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Business Change Management

Business Change Management

So, What Are Liberal Arts Colleges Missing?

On May 15, 2017 3:03:39 PM

/ Andrew Simon

Categories: Higher Education

I have written several blogs lately about how students are graduating from colleges and universities with few marketable skills and therefore are largely unprepared to get high-paying jobs in today’s workplace. They can’t service debt, can’t buy cars and certainly can’t afford houses. Not great for our economy!

Although the U.S. educational system has flaws, one state gets it.

In an effort to reverse this trend and make college more affordable and accessible for all, New York’s Governor Andrew Cuomo announced in January that tuition will be free for residents who earn up to a certain income cap to be phased in over the first three years of the program.

Undergraduates attending a State University of New York or City University of New York school will be eligible for the Excelsior Scholarship if their families earn less than $100,000 a year. That will rise to $110,000 in the second year and $125,000 in the third year, 2019. Those who qualify will pay nothing for tuition, which costs $6,470 annually at four-year schools and about $4,350 at community colleges. (They will still be on the hook for room and board fees if they live on campus, which run about $14,000 a year).

What’s great about this plan is that it reduces or even eliminates the debt burden for students (again, a huge drag on our economy). They say a rising tide lifts all boats, which is what I’m hoping Cuomo’s plan does, creating a better path for college graduates to get high-paying jobs. This is what I’d like to focus on here—high-paying jobs—because irrespective of the cost of an education, good high-salary jobs eliminate or reduce all the other problems.

High-paying jobs are out there, so why aren’t they being filled?

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How to Solve the Return on Investment (ROI) Problem for College Students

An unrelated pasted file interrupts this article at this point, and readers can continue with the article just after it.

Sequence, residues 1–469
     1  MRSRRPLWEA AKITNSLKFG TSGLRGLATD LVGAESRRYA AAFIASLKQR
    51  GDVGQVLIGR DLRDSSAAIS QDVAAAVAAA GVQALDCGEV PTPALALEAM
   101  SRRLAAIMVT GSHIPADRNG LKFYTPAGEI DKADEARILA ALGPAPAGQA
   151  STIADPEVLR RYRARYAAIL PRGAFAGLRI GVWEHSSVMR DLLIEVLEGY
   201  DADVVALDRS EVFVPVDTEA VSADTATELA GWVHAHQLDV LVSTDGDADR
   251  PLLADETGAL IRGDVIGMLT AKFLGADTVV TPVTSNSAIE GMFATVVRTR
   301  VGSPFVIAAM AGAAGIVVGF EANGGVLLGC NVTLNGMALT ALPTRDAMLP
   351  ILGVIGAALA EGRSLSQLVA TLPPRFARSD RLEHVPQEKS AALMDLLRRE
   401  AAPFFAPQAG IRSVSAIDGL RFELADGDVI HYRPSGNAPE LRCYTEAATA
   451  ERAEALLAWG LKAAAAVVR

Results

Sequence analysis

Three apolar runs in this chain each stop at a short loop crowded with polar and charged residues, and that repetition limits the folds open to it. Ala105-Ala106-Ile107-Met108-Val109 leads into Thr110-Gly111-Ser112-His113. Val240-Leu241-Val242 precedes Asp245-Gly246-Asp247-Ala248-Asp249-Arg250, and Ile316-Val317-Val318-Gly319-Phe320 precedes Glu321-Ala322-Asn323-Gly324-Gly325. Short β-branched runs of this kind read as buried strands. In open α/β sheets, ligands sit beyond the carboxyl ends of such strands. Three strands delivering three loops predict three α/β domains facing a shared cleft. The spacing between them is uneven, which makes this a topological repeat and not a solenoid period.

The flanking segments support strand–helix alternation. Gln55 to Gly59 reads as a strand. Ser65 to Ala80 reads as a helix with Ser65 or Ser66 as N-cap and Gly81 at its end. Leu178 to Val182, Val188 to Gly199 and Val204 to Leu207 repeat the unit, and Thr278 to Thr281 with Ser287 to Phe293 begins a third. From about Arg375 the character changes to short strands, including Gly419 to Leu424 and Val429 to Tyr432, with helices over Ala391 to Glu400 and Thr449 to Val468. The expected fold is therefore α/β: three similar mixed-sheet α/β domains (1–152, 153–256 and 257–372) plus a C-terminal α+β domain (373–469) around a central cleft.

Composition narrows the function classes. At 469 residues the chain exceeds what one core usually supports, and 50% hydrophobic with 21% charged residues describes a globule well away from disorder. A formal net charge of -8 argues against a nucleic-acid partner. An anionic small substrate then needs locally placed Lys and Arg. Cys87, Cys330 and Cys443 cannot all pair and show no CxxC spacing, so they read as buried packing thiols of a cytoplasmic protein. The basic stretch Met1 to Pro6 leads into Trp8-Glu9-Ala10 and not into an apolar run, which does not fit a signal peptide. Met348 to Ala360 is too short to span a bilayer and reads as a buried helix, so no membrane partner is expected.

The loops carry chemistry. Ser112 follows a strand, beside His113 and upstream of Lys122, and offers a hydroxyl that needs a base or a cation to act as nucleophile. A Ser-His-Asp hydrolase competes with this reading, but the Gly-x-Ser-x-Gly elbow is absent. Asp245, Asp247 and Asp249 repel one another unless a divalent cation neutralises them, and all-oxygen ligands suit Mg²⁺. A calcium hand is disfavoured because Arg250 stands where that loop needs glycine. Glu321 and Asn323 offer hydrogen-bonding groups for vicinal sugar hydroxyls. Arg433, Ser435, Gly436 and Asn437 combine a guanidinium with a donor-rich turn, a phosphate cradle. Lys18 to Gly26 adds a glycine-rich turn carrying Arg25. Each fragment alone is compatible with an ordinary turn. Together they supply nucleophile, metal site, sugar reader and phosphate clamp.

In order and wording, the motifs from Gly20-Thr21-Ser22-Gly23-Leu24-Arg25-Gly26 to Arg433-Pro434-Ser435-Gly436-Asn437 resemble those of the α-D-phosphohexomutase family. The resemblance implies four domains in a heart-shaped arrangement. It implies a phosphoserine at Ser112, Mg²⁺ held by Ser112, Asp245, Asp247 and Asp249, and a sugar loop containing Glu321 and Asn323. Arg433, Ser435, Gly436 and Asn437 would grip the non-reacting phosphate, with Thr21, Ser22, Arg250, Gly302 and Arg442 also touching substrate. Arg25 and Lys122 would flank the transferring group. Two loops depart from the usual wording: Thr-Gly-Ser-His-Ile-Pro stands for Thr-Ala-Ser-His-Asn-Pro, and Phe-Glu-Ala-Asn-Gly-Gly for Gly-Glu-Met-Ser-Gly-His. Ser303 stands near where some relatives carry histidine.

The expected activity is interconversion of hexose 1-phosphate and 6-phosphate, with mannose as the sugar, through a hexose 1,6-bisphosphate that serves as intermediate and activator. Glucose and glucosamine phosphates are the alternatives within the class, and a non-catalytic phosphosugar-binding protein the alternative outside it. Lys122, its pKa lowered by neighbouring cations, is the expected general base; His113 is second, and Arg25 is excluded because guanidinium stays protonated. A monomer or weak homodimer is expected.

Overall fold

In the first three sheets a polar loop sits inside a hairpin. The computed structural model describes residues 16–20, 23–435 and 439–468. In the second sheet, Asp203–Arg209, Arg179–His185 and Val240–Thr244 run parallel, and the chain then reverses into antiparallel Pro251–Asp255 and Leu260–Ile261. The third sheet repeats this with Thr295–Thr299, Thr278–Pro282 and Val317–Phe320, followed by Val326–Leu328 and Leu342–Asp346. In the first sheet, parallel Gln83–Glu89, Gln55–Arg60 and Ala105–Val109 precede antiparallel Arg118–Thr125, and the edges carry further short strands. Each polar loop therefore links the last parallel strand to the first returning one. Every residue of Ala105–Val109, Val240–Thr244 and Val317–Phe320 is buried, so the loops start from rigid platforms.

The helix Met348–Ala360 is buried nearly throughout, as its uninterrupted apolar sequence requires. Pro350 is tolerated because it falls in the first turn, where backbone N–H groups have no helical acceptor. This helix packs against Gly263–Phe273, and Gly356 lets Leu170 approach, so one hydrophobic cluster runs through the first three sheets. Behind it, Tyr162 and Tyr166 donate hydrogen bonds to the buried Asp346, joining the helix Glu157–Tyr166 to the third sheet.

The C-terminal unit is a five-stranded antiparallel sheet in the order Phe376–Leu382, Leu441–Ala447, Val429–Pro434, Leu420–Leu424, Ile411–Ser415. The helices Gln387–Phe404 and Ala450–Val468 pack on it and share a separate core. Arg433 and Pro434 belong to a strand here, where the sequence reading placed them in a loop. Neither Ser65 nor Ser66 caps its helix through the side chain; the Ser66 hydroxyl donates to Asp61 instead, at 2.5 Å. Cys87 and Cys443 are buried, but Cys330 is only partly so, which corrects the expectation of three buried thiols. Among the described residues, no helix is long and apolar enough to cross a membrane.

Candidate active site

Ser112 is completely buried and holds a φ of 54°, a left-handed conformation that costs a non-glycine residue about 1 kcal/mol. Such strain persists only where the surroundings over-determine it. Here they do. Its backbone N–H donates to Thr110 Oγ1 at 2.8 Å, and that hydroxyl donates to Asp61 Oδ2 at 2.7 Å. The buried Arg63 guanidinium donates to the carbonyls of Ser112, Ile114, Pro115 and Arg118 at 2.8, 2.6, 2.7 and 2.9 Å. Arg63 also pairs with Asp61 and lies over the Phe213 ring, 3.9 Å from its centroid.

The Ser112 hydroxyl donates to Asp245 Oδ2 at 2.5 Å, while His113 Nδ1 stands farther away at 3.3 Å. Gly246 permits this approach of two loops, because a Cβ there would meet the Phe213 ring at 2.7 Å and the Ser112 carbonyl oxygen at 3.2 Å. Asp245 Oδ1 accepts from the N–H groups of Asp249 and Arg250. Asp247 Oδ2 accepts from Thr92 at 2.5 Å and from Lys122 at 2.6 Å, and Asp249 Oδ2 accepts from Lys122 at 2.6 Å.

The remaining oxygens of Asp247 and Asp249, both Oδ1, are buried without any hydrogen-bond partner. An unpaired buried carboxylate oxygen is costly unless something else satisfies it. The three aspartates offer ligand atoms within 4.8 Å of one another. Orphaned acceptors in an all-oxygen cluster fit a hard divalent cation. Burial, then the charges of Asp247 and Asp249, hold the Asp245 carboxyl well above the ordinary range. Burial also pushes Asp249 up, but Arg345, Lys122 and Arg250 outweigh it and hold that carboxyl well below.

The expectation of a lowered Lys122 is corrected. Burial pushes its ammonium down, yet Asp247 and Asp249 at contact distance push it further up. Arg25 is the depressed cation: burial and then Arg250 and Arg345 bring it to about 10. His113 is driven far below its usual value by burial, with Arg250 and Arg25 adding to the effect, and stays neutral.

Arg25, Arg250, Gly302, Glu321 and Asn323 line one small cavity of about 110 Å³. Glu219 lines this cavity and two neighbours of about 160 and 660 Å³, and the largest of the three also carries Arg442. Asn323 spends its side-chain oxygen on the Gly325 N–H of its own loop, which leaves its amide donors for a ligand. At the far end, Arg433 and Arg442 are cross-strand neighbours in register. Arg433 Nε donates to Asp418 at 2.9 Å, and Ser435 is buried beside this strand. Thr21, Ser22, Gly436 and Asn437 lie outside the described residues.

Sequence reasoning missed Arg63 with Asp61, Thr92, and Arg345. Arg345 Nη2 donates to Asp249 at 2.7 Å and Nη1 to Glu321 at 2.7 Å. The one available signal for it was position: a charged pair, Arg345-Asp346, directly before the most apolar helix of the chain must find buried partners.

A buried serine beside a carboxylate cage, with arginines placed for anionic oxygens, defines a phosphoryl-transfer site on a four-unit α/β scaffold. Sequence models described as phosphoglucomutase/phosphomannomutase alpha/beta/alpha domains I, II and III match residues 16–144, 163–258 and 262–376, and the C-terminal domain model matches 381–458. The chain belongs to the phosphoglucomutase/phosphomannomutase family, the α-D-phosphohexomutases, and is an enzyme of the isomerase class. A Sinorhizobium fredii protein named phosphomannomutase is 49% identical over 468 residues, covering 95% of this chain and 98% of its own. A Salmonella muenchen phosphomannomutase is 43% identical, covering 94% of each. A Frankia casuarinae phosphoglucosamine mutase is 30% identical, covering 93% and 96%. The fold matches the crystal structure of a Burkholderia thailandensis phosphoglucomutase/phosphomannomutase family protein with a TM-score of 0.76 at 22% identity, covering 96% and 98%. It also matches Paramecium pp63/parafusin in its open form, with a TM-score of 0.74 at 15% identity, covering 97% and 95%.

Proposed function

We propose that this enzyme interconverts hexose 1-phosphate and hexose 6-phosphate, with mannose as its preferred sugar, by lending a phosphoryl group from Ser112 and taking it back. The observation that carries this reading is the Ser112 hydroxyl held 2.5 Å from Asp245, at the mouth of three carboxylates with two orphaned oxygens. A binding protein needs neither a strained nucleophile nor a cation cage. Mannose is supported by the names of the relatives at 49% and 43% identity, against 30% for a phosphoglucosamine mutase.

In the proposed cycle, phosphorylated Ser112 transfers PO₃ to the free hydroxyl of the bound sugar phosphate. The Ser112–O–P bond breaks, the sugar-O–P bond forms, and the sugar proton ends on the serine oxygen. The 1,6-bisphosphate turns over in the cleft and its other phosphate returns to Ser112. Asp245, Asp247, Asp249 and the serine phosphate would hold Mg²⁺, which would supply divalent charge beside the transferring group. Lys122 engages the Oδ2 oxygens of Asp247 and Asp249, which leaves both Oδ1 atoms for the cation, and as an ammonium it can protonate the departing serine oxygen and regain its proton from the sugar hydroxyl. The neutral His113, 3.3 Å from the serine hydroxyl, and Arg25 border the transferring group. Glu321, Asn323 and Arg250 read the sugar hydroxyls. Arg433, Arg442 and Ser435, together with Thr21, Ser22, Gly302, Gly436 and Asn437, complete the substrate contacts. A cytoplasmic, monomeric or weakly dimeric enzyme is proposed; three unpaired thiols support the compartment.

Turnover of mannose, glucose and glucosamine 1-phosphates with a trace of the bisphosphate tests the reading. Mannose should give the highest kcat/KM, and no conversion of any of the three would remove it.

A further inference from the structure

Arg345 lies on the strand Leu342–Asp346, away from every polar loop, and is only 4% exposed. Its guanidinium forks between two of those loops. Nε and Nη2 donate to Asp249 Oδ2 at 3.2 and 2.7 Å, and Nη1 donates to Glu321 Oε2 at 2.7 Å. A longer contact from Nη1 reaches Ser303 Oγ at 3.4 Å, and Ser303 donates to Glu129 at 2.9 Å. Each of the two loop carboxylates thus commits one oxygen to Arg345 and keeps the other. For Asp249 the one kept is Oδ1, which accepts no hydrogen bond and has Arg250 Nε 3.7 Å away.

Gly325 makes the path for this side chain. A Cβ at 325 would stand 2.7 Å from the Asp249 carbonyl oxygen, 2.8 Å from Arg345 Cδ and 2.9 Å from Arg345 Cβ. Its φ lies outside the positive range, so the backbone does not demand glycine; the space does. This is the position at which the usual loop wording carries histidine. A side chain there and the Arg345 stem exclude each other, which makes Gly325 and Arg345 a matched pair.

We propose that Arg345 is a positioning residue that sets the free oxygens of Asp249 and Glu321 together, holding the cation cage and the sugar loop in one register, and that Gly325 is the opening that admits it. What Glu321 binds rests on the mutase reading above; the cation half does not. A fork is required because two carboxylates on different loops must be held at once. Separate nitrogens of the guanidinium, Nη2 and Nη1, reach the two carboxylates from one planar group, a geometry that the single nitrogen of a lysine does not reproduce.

On Mar 6, 2017 9:21:40 PM

/ Andrew Simon

Categories: Higher Education

For the past six months, I have been blogging about some of the problems college students face upon graduation and the underwhelming efforts of colleges and universities to help solve these problems — namely, significant debt as well as a lack of training to compete for careers in our ever-changing economic environment. Along these lines, I came across a NY Times article dated February 18, 2017 entitled: “College Cost Too Much? N.Y.U. Paves Way to Graduate Faster.” The article explains that with the cost of an NYU education running about $66,000 per year (including room, board, tuition and fees), the university faces an “enormous affordability problem” evidenced by complaints from students over the cost of four years of tuition. NYU’s solution? A series of measures to make it easier to graduate in under four years and save money.

The article goes on to say that the governors of Ohio and Wisconsin are also trying to address these issues, but that some experts who study education are questioning this “acceleration effort” because of what students "will miss if they rush through their undergraduate years.” At least the fact that some higher ed institutions are proactively offering ways to reduce more than $60,000 a year in student debt is a good start, and perhaps the trade-off of a shorter college experience for many that must self-finance or borrow is worthwhile.

The future is still in doubt for a lot of today’s graduates